* EDIT: Thanks to Xsintill for pointing out the VMWare NorthStar beta (which is essential the full Thinstall project) but has two things better than the Thinstall trial: 1) lasts until 1st of June 2008 (roughly 70 days from now); 2) The whole registration process for the trial is automated and less restrictive in the choice of e-mails. So go grab that beta and start playing...


More Disk Space Tweaking...

UPDATE 1: DO NOT TRY THIS! Even though everything is working ok on my system, I've just noticed a shortcut icon problem that I believe is related to the order I've done something. I'll have to test it a bit more and will update this post where needed to prevent that from happening but it may take a couple days before I update the post!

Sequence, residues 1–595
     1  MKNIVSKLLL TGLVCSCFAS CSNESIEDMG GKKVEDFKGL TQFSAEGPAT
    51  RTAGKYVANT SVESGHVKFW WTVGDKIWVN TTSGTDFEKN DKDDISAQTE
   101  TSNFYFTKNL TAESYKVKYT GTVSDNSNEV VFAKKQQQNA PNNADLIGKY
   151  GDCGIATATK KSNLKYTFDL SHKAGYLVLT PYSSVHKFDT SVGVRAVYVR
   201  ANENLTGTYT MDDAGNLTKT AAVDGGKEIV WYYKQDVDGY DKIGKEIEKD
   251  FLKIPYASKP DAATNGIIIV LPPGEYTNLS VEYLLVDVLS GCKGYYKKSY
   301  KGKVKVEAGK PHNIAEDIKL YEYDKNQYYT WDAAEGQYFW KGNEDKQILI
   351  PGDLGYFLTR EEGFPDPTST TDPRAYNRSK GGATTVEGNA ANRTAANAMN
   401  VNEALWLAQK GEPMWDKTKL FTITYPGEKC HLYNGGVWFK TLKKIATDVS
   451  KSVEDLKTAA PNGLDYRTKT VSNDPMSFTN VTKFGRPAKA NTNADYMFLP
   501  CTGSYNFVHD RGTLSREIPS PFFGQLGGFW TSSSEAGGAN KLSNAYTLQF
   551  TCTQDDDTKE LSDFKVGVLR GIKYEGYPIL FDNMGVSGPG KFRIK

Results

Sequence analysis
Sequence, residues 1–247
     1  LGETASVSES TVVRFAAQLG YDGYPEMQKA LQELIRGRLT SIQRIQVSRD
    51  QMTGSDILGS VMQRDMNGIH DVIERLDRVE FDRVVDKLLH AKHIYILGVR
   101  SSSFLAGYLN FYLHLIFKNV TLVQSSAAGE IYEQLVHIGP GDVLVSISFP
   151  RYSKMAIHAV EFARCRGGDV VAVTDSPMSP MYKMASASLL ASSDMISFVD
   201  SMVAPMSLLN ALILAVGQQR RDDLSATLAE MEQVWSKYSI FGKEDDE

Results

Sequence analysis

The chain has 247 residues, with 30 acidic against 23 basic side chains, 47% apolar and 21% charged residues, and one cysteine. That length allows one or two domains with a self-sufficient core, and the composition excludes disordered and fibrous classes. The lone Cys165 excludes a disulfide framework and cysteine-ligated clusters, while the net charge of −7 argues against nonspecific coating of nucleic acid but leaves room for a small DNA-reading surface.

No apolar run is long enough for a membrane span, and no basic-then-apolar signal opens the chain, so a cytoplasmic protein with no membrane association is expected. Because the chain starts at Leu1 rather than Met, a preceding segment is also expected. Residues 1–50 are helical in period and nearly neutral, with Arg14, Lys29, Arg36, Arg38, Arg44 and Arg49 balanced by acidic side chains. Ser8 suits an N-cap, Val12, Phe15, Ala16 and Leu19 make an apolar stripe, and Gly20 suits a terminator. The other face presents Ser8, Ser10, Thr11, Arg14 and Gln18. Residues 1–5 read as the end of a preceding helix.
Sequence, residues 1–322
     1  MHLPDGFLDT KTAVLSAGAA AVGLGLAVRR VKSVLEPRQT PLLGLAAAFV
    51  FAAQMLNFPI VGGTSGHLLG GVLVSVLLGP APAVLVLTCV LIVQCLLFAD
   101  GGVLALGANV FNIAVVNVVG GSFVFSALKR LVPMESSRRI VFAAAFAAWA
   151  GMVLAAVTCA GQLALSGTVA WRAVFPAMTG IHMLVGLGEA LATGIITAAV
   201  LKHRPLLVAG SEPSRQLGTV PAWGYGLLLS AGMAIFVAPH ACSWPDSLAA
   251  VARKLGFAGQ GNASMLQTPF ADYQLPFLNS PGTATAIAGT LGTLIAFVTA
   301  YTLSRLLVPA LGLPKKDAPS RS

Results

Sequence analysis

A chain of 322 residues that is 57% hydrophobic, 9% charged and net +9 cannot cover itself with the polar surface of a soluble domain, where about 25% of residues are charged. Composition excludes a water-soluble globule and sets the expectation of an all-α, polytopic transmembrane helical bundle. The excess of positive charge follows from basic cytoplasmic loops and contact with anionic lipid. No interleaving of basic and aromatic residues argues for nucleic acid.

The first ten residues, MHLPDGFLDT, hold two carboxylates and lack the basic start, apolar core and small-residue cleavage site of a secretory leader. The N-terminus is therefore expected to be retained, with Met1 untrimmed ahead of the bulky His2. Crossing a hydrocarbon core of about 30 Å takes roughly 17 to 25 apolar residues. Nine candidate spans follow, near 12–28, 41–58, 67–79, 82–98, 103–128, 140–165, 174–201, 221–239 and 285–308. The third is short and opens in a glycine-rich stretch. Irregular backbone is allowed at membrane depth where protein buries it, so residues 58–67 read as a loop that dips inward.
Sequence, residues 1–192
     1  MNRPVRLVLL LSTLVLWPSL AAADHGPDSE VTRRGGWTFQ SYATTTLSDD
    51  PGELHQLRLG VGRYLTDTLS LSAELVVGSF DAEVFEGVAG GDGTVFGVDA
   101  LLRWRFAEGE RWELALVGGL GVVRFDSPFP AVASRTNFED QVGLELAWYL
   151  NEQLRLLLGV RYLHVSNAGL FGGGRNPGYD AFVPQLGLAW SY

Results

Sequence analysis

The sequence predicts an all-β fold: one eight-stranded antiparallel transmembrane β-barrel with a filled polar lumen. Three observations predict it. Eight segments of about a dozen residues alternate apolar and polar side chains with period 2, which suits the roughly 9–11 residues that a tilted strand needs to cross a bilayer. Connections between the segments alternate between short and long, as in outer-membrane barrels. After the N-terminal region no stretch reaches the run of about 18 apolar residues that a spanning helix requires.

Update 2: Apparently it's Windows Installer that is to blame. Not only it completely ignores the junction, it goes even further: deletes the junction (causing all contents to be lost!) and creates a new INSTALLER folder in your Windows subdirectory. So, this particular folder CANNOT be moved or the next time you use msi installer (which is just about any installer or patcher these days), you'll LOSE all that was transferred.

It's always "fun" to see Microsoft NOT playing by their own book!

Or, how to keep your C: drive mean and lean and still don't throw away those lengthy patches and cached install files...
This is not entirely related to Delphi as the techniques used here are more general and thus you can extend this to your own liking. It is however triggered by the fact that I hate to see wasted space on my C: drive, which, as I've told you before, Delphi's current installer likes to do! :)
In short, you'll learn how to relocate some huge folders to another partition or even another hard-disk. This is especially useful for temporary or cache folders as those serve no useful purpose 99,99% of the time but still use up disk space.